Leeds author gives us Ridiculous Witches at Headingley LitFest 2014


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One of Leeds’ fastest rising children’s authors made sure her home city was not forgotten about last weekend as a ‘Ridiculous Witch’ was spotted in Headingley.

‘The odd-legged car crashing witch of Leeds’ is the latest book to be released by Yorkshire author, Sarah Shafi, in her ‘Ridiculous Witches’ series, and was read for the first time at Headingley LitFest 2014.

WRITER: Sarah Shafi has now written six ‘Ridiculous Witches’ books with her latest story ‘The odd legged car crashing witch of Leeds’ being launched last weekend during Headingley LitFest 2014

WRITER: Sarah Shafi has now written six ‘Ridiculous Witches’ books with her latest story ‘The odd legged car crashing witch of Leeds’ being launched last weekend during Headingley LitFest 2014

The Leeds-based story follows on from the likes of ‘The Royal trumping witch of Windsor’ and ‘The Ludicrous pie-eating witch of Wigan’, with Leeds’ nonsensical character living up to her predecessor’s reputations.

This latest tale follows Headingley’s very own witch, who, much like the author, grew up on Spring Road in Leeds and has a passion for cars. But, like all the other ‘Ridiculous witches’ before her, there is a big problem she must overcome.

“She is a good witch but she has had a wicked witch as a mother who has turned her into a toad so she has a problem,” Sarah explained.

“She has every single car on the planet, Ferraris, Bentleys, Porsches, the lot, but they’re all being smashed up across Leeds. But, there is a very special reason for this, and you will find out why it is when you read the book.”

The Ridiculous Witches books have quickly become a favourite amongst youngsters aged between six and ten-years-old, with famed artist, Tony Husband (Private Eye), providing illustrations for every book.

Having only begun writing children books within the last three to four years, Sarah Shafi has quickly found her forte and she says this is down to one person in particular.

“My daughter, Persia, is my absolute rock of inspiration,” she said. “She is ten-years-old now and whilst she has grown up she, and her friends, have loved listening to my crazy, made-up stories.

“It wasn’t until recently that I actually put pen to paper and started writing the books and they can take anything from a couple of weeks to months to complete.

“I’ve always had an overactive, weird imagination ever since I was a kid, so the Ridiculous Witches stories are something I just love doing.”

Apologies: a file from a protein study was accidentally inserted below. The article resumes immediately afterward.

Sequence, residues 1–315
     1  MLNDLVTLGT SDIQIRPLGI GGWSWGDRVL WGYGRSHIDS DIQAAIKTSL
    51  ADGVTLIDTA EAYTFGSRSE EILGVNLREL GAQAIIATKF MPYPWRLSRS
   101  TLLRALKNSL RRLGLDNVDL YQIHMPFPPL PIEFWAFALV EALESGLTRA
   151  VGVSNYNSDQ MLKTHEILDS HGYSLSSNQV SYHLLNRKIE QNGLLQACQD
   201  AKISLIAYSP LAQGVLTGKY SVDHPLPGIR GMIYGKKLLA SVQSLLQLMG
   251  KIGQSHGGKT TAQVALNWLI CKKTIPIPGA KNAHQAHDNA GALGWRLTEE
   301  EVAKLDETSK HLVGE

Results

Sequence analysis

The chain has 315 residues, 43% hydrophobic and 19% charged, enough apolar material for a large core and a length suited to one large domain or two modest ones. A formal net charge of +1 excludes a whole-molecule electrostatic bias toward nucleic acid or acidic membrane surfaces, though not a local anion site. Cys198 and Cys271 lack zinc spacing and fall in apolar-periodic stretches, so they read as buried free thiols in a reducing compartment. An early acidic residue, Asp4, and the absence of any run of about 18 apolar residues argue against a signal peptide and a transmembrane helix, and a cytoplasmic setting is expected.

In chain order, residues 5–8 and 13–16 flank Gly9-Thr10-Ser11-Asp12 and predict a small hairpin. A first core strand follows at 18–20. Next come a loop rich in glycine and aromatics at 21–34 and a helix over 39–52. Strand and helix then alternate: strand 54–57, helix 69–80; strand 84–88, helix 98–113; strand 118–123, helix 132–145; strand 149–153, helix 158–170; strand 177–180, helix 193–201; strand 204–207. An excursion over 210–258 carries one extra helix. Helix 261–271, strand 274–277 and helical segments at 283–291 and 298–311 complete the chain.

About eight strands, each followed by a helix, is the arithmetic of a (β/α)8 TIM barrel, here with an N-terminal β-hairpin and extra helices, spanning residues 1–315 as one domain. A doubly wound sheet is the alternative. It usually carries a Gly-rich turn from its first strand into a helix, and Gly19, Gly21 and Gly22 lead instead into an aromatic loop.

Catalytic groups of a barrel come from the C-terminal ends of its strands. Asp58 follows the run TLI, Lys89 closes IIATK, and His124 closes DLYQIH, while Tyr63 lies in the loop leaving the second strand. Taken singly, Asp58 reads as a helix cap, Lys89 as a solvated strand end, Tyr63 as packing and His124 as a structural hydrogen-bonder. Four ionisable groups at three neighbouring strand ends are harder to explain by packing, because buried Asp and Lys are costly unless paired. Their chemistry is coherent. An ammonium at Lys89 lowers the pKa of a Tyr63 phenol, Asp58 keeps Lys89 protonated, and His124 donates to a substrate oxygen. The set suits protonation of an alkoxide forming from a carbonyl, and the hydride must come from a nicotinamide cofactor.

LITFEST: Sarah was reading her book for children at Headingley Library as part of LitFest, pictured here with the festival’s secretary, Richard Wilcocks

LITFEST: Sarah was reading her book for children at Headingley Library as part of LitFest, pictured here with the festival’s secretary, Richard Wilcocks

Being from Leeds is something Sarah says she has always been proud of and therefore it was only a matter of time until her stories came to the city.

She added: “This tale is particularly close to my heart because she shares my story of coming from Headingley.

“The dialect in the book is ‘very Yorkshire’ as well so it really feels like a book that the local community could relate to.”

Ridiculous Witches from cities across England, including Windsor, York, Manchester, Wigan and most recently Leeds, must sort out their problems before they can be considered ‘proper witches’.

With moral twists and wacky storylines, the tales have proved to be a big hit already, whilst the ‘Odd legged car crashing witch of Leeds’ was warmly received by tens of children and their parents at Headingley library last weekend.

In a free, open reading, Sarah read her book to the youngsters before a question and answer session took place as part of Headingley LitFest 2014.

The annual festival spans across Headingley and still has a number of events taking place over the next week.

READING: The ‘Ridiculous Witches’ series of books have had a great response from children who enjoyed a special reading

READING: The ‘Ridiculous Witches’ series of books have had a great response from children who enjoyed a special reading

Headingley LitFest volunteer and secretary, Richard Wilcocks, explained how important it was to ensure there was something for everybody throughout the three weeks of events.

He added: “We are run by a team of volunteers and it is intended to be a community literature festival which lets everybody get involved.

“We have had top flight authors, performers and actors come to the festival and Headingley has always been full of talent - Tolkien lived here from 1920’s onwards, and Arthur Ransome, best known for the children’s classic Swallows and Amazons was born here.

“We have reached out to every part of the community and have had fair amount of success so far with all sectors from youth, to teen and older generations.”

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